The Mystical Master – Maulana Jalal-Ud-Din Rumi

Maulana Jalaluddin Rumi was a thirteenth century Persian writer, an Islamic dervish and a Sufi Mystic. He is viewed as one of the greatest intellect and poetical brains. Born in 1207 AD, he belonged to a family of scholars. He made utilization of ordinary life’s circumstances to explain the mystic world. The tool that he used to describe the phenomenon of Mysticism was poetry and through his poetry he proved to be one of the greatest Mystical masters of all times. Rumi’s ballads have gained immense popularity, particularly among the Persian speakers of Afghanistan, Iran and Tajikistan. Later on many of his artistic work was translated into different languages.

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The philosophy of Mysticism has been interpreted by Maulana Rumi to the levels of simplicity. In one of his writings he explains the concept of Mysticism as, the world is a bar, a tempting spot. Numerous wines stream in here-the wine of shade structure and taste, the heady wine of mind and inner self, the smooth wine of instinct, the blazing mix of cravings, the fine port of stories also the cabinet of the singing soul. Each human must enter this spot where hypnotizing assortments of needs are satisfied. However, just when the grape skin of the conscience blasts, the juice streams. At the point when grapes consolidate their juice what’s more are kept to a shut dull space for a period the result is marvelous. Aging is one of the most seasoned images for human change, for the enlivening of the spirit. The Tavern is a sort of magnificent hellfire that people appreciate, endure and long for. At that point, feeling burnt out on it; push off from, in their quest for truth. The bar is perilous locales where now and again masks are essential, be that as it may never close your heart, says Rumi. Keep open there at all times. A falling into disrepair, a shouting out, starts in the bar and the human soul turns to think that it’s way Home.
Jalaluddin Rumi was born on September 30, 1207, in Balkh (in present-day Afghanistan). His dad, Bahaduddin Walad, was a scholar, legal adviser and a mystic, while his mom was Mumina Khatun. At the point when Mongols attacked Central Asia, somewhere around 1215 and 1220, Rumi left Balkh with his family and a gathering of supporters. The moving troop voyaged widely in Muslim terrains, including Baghdad, Damascus, Malatya, Erzincan, Sivas, Kayseri and Nigde. In the wake of performing journey in Mecca, they in the end settled in Konya, found in the present-day western Turkey. Around then, Rumi’s dad was an Islamic scholar, an teacher and an evangelist.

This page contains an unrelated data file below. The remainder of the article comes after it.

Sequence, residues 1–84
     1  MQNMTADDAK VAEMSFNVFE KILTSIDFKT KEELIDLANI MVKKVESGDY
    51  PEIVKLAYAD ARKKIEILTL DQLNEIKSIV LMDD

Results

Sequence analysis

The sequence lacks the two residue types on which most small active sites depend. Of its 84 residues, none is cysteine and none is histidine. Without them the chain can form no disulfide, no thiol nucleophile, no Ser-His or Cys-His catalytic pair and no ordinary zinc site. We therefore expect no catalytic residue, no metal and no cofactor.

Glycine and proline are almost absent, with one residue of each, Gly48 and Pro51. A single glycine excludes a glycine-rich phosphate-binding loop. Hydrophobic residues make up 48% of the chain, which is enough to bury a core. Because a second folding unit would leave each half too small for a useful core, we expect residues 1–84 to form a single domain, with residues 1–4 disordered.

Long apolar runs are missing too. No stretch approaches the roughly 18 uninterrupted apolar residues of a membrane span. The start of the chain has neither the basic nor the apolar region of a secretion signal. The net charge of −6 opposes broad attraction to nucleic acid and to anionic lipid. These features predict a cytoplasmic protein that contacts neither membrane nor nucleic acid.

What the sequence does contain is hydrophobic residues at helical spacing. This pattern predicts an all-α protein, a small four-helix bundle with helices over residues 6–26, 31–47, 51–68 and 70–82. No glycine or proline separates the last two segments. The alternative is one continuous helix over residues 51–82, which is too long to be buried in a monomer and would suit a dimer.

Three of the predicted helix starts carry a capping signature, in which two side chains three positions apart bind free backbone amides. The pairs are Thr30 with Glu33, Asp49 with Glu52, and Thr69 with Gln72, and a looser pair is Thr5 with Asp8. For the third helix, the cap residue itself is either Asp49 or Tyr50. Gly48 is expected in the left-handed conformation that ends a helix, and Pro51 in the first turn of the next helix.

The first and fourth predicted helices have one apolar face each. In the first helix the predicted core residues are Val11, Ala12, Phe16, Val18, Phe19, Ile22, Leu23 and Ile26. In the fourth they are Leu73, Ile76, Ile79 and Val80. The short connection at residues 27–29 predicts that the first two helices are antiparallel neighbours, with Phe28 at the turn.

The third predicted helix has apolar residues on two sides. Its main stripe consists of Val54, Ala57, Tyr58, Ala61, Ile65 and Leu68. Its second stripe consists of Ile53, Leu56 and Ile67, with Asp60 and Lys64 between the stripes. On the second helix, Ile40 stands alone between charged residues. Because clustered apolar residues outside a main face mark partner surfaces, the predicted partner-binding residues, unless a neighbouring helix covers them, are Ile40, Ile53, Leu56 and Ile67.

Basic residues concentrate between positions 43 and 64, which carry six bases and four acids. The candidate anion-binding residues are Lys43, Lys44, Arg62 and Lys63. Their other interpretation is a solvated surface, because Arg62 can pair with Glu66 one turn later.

Rumi was a devotee of Sayyed Burhan ud-Din Muhaqqiq Termazi, one of his dad’s students. Under the direction of Sayyed Termazi, he practiced Sufism and procured a considerable measure of information about spiritual matters and mysteries of the spirit world. After the death of his father, in 1231 AD, Rumi acquired his dad’s position and turned into a conspicuous religious educator. He lectured in the mosques of Konya. When Rumi arrived at the age of 24, he had demonstrated himself as a decently educated researcher in the field of religious science.

Rumi was an instructor and a scholar, when in 1244 AD he went over a wandering dervish named Shamsuddin of Tabriz. The gathering turned out to be a defining moment in his life. Shamsuddin and Rumi got to be close companions. Shams went to Damascus, where he was allegedly slaughtered by the students of Rumi who were angry of their close relationship. Rumi communicated his adoration for Shamsuddin and grief at his death, through music, dance and poetry.

For about ten years in the wake of gathering Shamsuddin, Rumi gave himself in composing ghazals. He made a gathering of ghazals and named it Diwan-e-Kabir or Diwan-e Shams-e Tabrizi. From there on, Rumi met a goldsmith – Salaud-Din-e Zarkub – whom he made his friend. At the point when Salaud-Din-e Zarkub passed on, Rumi become friends with one of his most loved supporters named Hussam-e Chalabi. Rumi used the greater part of the later years of his life in Anatolia, where he completed six volumes of his masterwork, the Masnavi.

Rumi departed from the world on seventeenth December 1273 AD, in Konya, inside the Seljuk Empire’s region (as of now it’s inside Turkey). He was buried next to his dad in Konya. A tomb named Mevlana mausoleum was built in Konya, recognizing the extraordinary Sufi artist. It comprises of a mosque, dervish living quarters and a dance hall. The holy site is visited by his admirers originating from distinctive parts of the world.